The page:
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Cited by 17 (3 self)
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Samuel R. Buss # Peter N. Yianilos + Abstract Let G be a complete, weighted, undirected, bipartite graph with n red nodes, n # blue nodes, and symmetric cost function c(x, y) . A maximum matching for G consists of min{n, n # edges from distinct red nodes to distinct blue nodes. Our objective is to find a minimumcost maximum matching, i.e. one for which the sum of the edge costs has minimal value. This is the weighted bipartite matching problem; or as it is sometimes called, the assignment problem.
Constructing Huffman Trees in Parallel
 SIAM Journal on Computing
, 1995
"... We present a parallel algorithm for the Huffman Coding problem. We reduce the Huffman Coding problem to the Concave Least Weight Subsequence problem and give a parallel algorithm that solves the latter problem in O( p n log n) time with n processors on a CREW PRAM. This leads to the first sublinea ..."
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Cited by 9 (0 self)
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We present a parallel algorithm for the Huffman Coding problem. We reduce the Huffman Coding problem to the Concave Least Weight Subsequence problem and give a parallel algorithm that solves the latter problem in O( p n log n) time with n processors on a CREW PRAM. This leads to the first sublinear time o(n 2 )total work parallel algorithm for Huffman Coding. This reduction of the Huffman Coding problem to the Concave Least Weight Subsequence problem also yields an alternative O(n log n)time (or linear time  for a sorted input sequence) algorithm for Huffman Coding. This research was supported by NSF grant CCR9112067. y Part of this work was done while the author was visiting the University of California, Riverside. 1 Introduction Throughout this paper, a tree is a regular binary tree (i.e. a binary tree in which each internal node has two children). The level of a node in a tree is its distance from the root. The problem of constructing a Huffman tree is, given a seque...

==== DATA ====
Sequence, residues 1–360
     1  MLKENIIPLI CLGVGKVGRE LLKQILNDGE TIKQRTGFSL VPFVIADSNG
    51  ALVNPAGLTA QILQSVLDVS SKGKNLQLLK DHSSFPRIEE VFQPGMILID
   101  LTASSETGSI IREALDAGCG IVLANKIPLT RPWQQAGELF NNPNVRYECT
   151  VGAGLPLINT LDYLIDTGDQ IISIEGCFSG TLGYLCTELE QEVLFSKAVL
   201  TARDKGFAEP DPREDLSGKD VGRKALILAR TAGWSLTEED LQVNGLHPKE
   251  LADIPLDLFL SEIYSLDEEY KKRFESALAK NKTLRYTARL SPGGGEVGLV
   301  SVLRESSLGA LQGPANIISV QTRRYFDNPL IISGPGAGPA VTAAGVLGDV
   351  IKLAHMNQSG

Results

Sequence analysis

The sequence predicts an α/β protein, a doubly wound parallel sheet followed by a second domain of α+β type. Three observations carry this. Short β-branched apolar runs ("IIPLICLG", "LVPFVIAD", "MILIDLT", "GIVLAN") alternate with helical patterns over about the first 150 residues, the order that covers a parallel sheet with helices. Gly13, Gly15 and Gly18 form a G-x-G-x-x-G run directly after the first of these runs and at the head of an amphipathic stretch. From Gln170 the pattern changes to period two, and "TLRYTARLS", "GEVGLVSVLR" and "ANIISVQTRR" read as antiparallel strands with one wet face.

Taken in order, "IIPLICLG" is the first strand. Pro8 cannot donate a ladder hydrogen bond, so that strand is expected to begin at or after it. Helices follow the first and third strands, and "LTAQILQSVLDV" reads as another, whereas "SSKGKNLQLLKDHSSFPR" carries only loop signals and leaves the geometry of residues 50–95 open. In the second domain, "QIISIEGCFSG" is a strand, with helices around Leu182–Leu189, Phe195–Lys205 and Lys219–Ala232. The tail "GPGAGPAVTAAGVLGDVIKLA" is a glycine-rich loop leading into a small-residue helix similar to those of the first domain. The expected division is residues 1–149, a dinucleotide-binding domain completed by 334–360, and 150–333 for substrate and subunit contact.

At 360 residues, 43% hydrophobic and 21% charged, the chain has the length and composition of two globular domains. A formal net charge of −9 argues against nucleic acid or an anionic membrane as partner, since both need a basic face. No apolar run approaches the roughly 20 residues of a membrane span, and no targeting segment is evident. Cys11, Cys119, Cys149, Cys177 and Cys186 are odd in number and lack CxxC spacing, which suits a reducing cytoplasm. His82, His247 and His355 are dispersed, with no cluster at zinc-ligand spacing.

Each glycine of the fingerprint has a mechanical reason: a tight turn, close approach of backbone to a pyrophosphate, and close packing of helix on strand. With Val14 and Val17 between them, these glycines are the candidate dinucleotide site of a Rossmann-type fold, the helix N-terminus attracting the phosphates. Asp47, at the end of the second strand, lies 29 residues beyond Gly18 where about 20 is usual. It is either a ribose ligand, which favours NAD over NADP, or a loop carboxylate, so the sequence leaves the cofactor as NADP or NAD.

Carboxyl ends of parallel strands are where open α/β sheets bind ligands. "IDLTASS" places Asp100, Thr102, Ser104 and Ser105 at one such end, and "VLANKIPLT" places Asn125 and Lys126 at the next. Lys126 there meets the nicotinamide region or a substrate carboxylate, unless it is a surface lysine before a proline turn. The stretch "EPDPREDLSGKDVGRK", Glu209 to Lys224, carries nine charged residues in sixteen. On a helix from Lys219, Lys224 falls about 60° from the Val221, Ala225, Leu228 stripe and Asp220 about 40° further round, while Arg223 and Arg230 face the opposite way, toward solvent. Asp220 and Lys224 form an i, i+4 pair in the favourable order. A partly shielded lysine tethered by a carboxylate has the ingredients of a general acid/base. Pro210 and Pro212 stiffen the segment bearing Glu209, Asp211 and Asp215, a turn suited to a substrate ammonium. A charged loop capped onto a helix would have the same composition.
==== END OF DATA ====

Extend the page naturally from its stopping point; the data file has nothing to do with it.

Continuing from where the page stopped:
Approximate Regular Expression Pattern Matching with Concave Gap Penalties
 ALGORITHMICA
, 1992